Message for the International Week of Deaf People
26th September, 2021
May I send my best wishes to all those taking part in this year’s International Week for Deaf People.
The theme that has been chosen for this year’s event is ‘Celebrating Thriving Deaf Communities’, reminding us of the importance of the benefits of working together, in solidarity, so as to ensure that the needs of all citizens are recognised, and that the most fundamental right – the right to a voice in your community – is respected.
We know that, in Ireland, an estimated five thousand people are recorded as deaf. We also know, however, that the deaf community is far bigger than that, comprising those who are deaf, those who are hard of hearing, their families, hearing people who work with the deaf, and friends of the deaf. It makes up, therefore, a broad and generous community that working together provides a great opportunity for the creation of a more inclusive Ireland.
Life for those who are deaf and hard of hearing may have changed significantly since the first International Week for Deaf People was held in Rome in 1958, but so much more needs to be done. Technological advances, better informed policies, and increased recognition of national sign languages have certainly all helped to create a more inclusive society or economy for deaf people.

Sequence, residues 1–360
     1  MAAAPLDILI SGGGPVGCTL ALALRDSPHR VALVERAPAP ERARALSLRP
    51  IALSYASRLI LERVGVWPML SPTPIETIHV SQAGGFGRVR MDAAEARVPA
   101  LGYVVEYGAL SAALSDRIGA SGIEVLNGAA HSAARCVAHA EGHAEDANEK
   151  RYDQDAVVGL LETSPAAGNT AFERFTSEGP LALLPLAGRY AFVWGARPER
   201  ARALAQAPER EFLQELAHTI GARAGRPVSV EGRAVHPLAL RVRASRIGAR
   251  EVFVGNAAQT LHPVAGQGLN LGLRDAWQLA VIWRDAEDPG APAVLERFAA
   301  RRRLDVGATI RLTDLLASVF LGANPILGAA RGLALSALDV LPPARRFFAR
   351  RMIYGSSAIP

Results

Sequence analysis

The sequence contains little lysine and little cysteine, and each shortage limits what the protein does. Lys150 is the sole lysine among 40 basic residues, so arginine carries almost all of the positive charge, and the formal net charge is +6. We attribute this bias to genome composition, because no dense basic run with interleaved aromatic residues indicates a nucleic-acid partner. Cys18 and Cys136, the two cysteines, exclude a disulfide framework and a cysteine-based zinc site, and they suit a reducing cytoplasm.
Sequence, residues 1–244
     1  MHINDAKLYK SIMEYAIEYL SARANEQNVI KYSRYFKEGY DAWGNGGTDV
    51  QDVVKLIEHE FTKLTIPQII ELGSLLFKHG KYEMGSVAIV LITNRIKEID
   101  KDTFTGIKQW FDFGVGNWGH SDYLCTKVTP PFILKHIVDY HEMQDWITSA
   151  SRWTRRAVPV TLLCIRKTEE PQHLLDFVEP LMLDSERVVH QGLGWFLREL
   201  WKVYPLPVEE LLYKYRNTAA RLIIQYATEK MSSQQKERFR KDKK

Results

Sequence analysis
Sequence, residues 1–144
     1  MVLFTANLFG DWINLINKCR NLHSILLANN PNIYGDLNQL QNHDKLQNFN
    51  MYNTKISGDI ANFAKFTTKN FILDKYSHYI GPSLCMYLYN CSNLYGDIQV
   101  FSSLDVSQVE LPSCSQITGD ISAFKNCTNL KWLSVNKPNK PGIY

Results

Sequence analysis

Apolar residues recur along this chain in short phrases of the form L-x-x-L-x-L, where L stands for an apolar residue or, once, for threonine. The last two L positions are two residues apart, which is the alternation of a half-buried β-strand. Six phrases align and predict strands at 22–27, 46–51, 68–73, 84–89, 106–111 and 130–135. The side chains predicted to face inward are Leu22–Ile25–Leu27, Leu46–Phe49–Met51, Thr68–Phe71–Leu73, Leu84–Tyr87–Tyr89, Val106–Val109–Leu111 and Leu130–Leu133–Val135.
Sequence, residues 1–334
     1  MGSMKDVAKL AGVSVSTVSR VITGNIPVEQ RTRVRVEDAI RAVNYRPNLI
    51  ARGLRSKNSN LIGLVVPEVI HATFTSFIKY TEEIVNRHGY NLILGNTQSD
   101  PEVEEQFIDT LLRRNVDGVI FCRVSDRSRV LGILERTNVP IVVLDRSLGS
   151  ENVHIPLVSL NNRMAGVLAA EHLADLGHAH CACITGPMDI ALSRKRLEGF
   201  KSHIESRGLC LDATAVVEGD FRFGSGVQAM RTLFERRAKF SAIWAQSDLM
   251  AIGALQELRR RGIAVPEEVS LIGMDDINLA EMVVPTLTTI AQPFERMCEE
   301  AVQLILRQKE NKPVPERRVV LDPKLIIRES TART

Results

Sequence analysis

It is a transformation which did not, of course, happen overnight but came about over many years, as a result of persistent effort and advocacy by committed deaf communities in countries across the globe, that were determined to effect positive change; and to ensure that those who are deaf or hard of hearing would no longer be invisible members of society, but active and very visible participants.
Despite the many improvements we have witnessed there remains, however, much work to be done if we are to create a fully equal and inclusive landscape for citizens who are deaf or hard of hearing.
Many obstacles still remain between deaf citizens and their right to fully access public and private services and information, for example. Many hurdles are still placed between deaf citizens and access to educational and employment opportunities. Many organisations and individuals continue to thoughtlessly stigmatise and discriminate against deaf citizens. In short, many deaf citizens continue to experience exclusion and isolation in their daily lives, and thus a denial of a full voice in the societies and economy to which they have so much to contribute.
I am deeply grateful to our deaf community for all they have done to improve the landscape here in Ireland for citizens who are deaf or hard of hearing. Your achievements have been many, and I know you will continue to work with vision and determination, building on those achievements and helping to create a nation truly founded on the principle of a citizenship, that is defined by participation and the right of all citizens to be represented and to have their voice heard.
Beir beannacht don todhchaí.
Go raibh maith agaibh.